Over 100,000 procedures and specialist appointments canceled due to Delta

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Almost 103,000 hospital procedures and events had to be canceled across the country in the first 10 weeks of the Delta Covid-19 epidemic.

Between August 15 (two days before the first case of Delta was reported) and October 24, approximately 102,959 planned (elective) care procedures were canceled due to the outbreak, according to data released via a written parliamentary question. .

Auckland – which has been stranded for 87 days – has been hit the hardest: especially the Manukau Counties District Health Board, which has taken on 33% of cancellations during that period. However, all DHBs were impacted.

Data released by Health Minister Andrew Little shows that around 103,000 planned care procedures were affected by Covid-19 between August and the end of October.

Eunika Sopotnicka

Data released by Minister of Health Andrew Little shows that nearly 103,000 planned care procedures were impacted by Covid-19 between August and the end of October.

To enable the healthcare system to respond to Covid-19, many elective surgeries and outpatient appointments have been put on hold – similar to what happened with last year’s lockdown.

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Across New Zealand, 6,550 planned hospital care procedures (elective, in-hospital procedures) were canceled, including 1,702 in Manukau DHB counties; 1164 in Auckland DHB and 464 in Waitematā.

All DHBs except Taranaki and Whanganui had to cancel some scheduled hospital care, ranging from dozens of procedures to 527 in Waikato.

More than 43,700 first specialized evaluations (when a patient is first referred to a specialist) and follow-up appointments have been canceled nationwide due to Covid-19.

Of these, 11,307 were in Manukau DHB counties; 5306 were in Auckland DHB; and 3672 were canceled at Waitematā. Canterbury DHB had to reschedule 2953 specialist appointments, Capital and Coast 2749 and 2564 in Waikato.

Thousands of planned elective surgeries have been postponed due to Covid-19, with those reserved for planned care in the Auckland region being the worst.

UNSPLASH

Thousands of planned elective surgeries have been postponed due to Covid-19, with those reserved for planned care in the Auckland region being the worst.

Diagnostic radiology exams – CT, MRI and ultrasounds used to diagnose diseases such as cancer – have also been affected, with 10,629 exams canceled across the country.

Waikato DHB was the hardest hit: 2409 scans canceled over 10 weeks. In Auckland and Manukau counties, more than 1,400 people have had their deferred scan.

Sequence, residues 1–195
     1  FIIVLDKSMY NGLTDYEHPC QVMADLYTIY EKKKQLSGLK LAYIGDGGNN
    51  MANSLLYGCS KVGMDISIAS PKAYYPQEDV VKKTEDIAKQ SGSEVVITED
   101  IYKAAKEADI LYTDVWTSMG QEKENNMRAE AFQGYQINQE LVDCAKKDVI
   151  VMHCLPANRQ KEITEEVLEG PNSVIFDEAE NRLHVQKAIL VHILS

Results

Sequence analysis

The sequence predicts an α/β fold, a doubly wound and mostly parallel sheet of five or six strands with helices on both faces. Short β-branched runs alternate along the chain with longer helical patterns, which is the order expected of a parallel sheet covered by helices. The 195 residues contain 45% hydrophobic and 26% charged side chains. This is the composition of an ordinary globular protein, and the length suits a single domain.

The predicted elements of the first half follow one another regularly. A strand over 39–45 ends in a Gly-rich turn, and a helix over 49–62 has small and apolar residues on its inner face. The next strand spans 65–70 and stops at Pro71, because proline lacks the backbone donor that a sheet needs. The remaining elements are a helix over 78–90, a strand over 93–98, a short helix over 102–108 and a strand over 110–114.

Over 2100 endoscopies (a diagnostic procedure that involves placing a camera in the upper digestive tract) have been reported across the country.

Manukau DHB counties in south Auckland have seen the highest number of deferred planned care for inpatients, first specialist appointments and other outpatient cancellations since the start of the year. Delta epidemic.

Hannah Peters / Getty Images

Manukau DHB counties in south Auckland have seen the highest number of deferred planned care for inpatients, first specialist appointments and other outpatient cancellations since the start of the year. Delta epidemic.

The Northern Region Health Coordination Center (on behalf of the three Auckland DHBs) has been approached to comment on steps that have been taken to clear the backlog and whether boards of health are confident they can catch up. delay.

He did not respond on time.

National health spokesperson Dr Shane Reti criticized “the failure of Minister of Health Andrew Little to prepare the health system for Delta ”because many Kiwis miss the planned care.

Even before the current outbreak, more than 30,000 people were already waiting longer than the prescribed four months for hospital treatment, Reti said.

He pointed to the government’s failure to introduce rapid saliva and antigen testing and the slow rollout of the vaccine as contributors to the prolonged lockdown, impacting these “must-have” procedures.

“These are missed cancer diagnoses, delayed cataract removals and delayed hip replacements. It’s more suffering and pain for New Zealand families.

Health Minister Andrew Little said DHB has allocated additional funds to pay for additional facilities needed to help them top the wait lists for deferred planned care.

ROBERT KITCHIN / Tips

Health Minister Andrew Little said DHB has allocated additional funds to pay for additional facilities needed to help them top the wait lists for deferred planned care.

Little to say, as with any other lockdown, there will be disruption in planned care.

“Our frontline healthcare staff continue to provide quality care in response to the Covid-19 pandemic while continuing to cope with their daily workload, and they are doing a great job,” he said. declared.

Little recognized that the health system has “long been under strain” – one of the reasons for health reforms.

The government has made $ 282.5 million available over three years to help DHB catch up on the backlog under the 2020 budget, and has invested an additional $ 90 million this year, he said.

“We have also given DHBs an additional $ 50 million to pay for the additional facilities they need to help them get to the top of the wait list.”


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